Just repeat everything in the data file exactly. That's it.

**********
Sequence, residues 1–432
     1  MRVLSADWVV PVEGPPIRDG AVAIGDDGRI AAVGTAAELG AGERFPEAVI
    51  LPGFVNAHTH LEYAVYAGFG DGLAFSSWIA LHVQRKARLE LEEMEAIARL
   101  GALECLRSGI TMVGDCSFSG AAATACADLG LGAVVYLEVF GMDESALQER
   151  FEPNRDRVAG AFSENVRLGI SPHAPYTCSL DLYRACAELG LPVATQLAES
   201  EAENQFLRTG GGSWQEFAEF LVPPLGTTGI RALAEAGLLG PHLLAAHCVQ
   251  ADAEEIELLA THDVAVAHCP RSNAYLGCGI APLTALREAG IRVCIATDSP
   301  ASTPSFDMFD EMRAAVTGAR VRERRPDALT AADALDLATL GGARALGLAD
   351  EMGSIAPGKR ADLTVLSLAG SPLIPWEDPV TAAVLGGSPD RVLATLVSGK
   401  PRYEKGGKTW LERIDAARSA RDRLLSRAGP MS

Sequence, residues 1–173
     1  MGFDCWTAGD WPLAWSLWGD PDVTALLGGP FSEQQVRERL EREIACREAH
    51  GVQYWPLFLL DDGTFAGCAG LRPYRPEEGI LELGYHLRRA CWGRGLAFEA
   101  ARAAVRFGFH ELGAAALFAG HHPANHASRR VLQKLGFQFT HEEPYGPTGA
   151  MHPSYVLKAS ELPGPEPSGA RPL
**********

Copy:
Sequence, residues 1–432
     1  MRVLSADWVV PVEGPPIRDG AVAIGDDGRI AAVGTAAELG AGERFPEAVI
    51  LPGFVNAHTH LEYAVYAGFG DGLAFSSWIA LHVQRKARLE LEEMEAIARL
   101  GALECLRSGI TMVGDCSFSG AAATACADLG LGAVVYLEVF GMDESALQER
   151  FEPNRDRVAG AFSENVRLGI SPHAPYTCSL DLYRACAELG LPVATQLAES
   201  EAENQFLRTG GGSWQEFAEF LVPPLGTTGI RALAEAGLLG PHLLAAHCVQ
   251  ADAEEIELLA THDVAVAHCP RSNAYLGCGI APLTALREAG IRVCIATDSP
   301  ASTPSFDMFD EMRAAVTGAR VRERRPDALT AADALDLATL GGARALGLAD
   351  EMGSIAPGKR ADLTVLSLAG SPLIPWEDPV TAAVLGGSPD RVLATLVSGK
   401  PRYEKGGKTW LERIDAARSA RDRLLSRAGP MS

Sequence, residues 1–173
     1  MGFDCWTAGD WPLAWSLWGD PDVTALLGGP FSEQQVRERL EREIACREAH
    51  GVQYWPLFLL DDGTFAGCAG LRPYRPEEGI LELGYHLRRA CWGRGLAFEA
   101  ARAAVRFGFH ELGAAALFAG HHPANHASRR VLQKLGFQFT HEEPYGPTGA
   151  MHPSYVLKAS ELPGPEPSGA RPL